Review: Tall Girl is a cliché and eye-rolling experience

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Review: Tall Girl is a cliché and eye-rolling experience

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Recently, rom-com movies have revitalized the genre with films like “Love, Simon” and “To All the Boys I’ve Loved Before.” “Tall Girl” is not one of these movies. 

Directed by Nzingha Stewart and starring Ava Michelle, Luke Eisner, Griffin Gluck, Anjelika Washington and Sabrina Carpenter, the film follows a 6’1” high school student, Jodi Kreyman, as she navigates life with Swedish transfer student Stig, childhood friend Dunkleman and archrival Kimmy Stitcher. The story follows her burgeoning feelings about boys, her height and her struggle with self-acceptance.

Unfortunately for viewers and for “Tall Girl,” the story conveyed is hardly a new one. Too many teenage romantic comedies feature an outcast girl who falls in love with the new student, deals with the antagonistic popular girl and has a childhood friend who is in love with her. “Tall Girl” follows the formula to the letter, complete with make-overs, petty third-act conflict and a big social event at the end of the film.

Following this mainstream theme, the characters are all the typical rom-com archetypes with the standard development — or lack thereof. Jodi, our heroine, is an insecure teenage girl who can never stand up for herself. Dunkleman is the childhood friend who has a crush on Jodi and the inability to accept no for an answer. Fareeda is the eccentric, outgoing best friend who at one point lampshades the lack of attention she receives in the film with rhetorical requests. Stig is the gorgeous and kind-hearted new exchange student, and Kimmy reigns as the cruel queen bee of their high school. The only difference in the formula is Jodi’s older pageant queen sister, who contrasts Jodi’s shy and introverted nature.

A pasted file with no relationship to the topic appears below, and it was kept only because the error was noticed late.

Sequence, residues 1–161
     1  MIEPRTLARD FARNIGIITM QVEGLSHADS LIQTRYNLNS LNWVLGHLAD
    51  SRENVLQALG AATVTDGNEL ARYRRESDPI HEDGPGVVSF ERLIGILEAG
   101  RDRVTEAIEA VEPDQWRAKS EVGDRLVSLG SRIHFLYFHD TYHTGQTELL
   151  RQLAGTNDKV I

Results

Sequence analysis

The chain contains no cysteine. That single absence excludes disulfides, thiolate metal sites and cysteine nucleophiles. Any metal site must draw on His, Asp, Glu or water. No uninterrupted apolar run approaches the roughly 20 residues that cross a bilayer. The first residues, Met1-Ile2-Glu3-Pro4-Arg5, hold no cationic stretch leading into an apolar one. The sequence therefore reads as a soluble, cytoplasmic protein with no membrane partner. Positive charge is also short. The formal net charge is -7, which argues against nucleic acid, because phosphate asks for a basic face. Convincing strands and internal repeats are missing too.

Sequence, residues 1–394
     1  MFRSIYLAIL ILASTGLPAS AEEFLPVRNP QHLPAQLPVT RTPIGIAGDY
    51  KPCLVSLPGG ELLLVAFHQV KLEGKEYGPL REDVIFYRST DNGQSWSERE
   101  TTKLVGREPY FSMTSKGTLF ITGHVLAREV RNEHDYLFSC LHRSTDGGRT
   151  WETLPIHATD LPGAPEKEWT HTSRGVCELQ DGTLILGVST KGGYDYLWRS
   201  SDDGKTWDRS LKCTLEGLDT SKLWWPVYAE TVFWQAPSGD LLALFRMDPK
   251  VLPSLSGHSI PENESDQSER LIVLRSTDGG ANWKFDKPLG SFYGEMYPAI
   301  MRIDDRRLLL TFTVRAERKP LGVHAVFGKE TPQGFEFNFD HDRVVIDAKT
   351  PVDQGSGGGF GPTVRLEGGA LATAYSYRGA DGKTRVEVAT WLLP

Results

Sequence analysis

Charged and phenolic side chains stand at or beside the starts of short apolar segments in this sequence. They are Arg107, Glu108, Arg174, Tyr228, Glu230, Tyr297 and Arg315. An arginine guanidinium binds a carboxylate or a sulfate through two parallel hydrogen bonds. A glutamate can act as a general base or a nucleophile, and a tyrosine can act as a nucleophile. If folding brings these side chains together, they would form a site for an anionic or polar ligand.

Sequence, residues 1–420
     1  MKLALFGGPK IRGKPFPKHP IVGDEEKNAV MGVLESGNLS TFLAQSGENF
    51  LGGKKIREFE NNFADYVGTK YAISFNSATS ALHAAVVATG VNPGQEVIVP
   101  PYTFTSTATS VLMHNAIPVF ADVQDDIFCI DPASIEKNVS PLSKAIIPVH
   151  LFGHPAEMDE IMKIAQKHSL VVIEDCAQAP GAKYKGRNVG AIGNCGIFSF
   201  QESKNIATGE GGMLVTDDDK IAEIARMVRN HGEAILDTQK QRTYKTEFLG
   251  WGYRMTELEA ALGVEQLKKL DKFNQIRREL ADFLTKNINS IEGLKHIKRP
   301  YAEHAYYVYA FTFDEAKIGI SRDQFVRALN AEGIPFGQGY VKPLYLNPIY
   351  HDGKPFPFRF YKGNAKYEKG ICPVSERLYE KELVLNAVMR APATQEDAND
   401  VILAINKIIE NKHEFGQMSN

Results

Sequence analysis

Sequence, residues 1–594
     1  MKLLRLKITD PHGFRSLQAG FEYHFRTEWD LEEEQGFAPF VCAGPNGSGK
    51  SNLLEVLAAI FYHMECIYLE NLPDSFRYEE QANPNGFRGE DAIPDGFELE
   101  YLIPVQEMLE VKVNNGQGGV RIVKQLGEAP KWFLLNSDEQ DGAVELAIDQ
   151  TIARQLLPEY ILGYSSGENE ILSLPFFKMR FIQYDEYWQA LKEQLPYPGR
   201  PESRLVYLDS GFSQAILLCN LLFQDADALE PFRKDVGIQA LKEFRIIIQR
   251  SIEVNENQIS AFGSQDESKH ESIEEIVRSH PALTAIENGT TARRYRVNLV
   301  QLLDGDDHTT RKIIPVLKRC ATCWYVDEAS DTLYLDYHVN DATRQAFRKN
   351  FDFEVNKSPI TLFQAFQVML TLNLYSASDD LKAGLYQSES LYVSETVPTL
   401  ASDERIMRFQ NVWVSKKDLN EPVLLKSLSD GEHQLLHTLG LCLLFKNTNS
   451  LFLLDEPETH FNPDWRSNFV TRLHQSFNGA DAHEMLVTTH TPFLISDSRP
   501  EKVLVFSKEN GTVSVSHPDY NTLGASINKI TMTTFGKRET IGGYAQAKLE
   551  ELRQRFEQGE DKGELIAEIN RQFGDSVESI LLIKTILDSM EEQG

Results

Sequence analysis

While some of the character development makes sense, such as Jodi’s standard journey of self-acceptance, other characters’ personalities change only to move the plot forward. Most of the characters are one-dimensional and are difficult to root for or against. Fareeda, Harper and Harper’s parents are probably the most interesting characters, diverging from the predictability of the other characters. Unfortunately, they also receive far less screen time than the less interesting characters like Jodi, Dunkleman, Stig and Kimmy.

Ironically enough, “Tall Girl” accidentally calls out one of its biggest flaws: the intended lesson of overcoming adversity. Early in the film, Jodi’s mother tries to reassure Jodi by explaining how she, too, experienced “adversity” in high school, due to being so beautiful that all of the other girls hated her while she had to continuously reject suitors. The movie portrays an unrealistic and problematic message that Jodi being teased for her height is similar to racial, social and gender oppression.

The irony comes from the fact that the movie constantly tries to portray Jodi — a middle class, conventionally attractive white girl who lives in a very large home — as being the most victimized person in school. Along with the juvenile “bullying” that the film shows, which in and of itself is not worth nearly as much notoriety as it receives, it’s hard to really pity Jodi for her pain. The absurd nature of painting a 6-foot-1 girl as a “freak” distracts from the movie’s attempts to tell a story about how people should celebrate their differences.

Ultimately, the biggest flaw for “Tall Girl” is the timing of its release; I expected better stories and representation considering other romantic comedies currently in the market. The film is far from unredeemable; it’s just an average teen rom-com that you could pull out of the ’90s. With a mundane plot, cliche characters and a clumsy message, “Tall Girl’s” biggest problem is simply that it is average.

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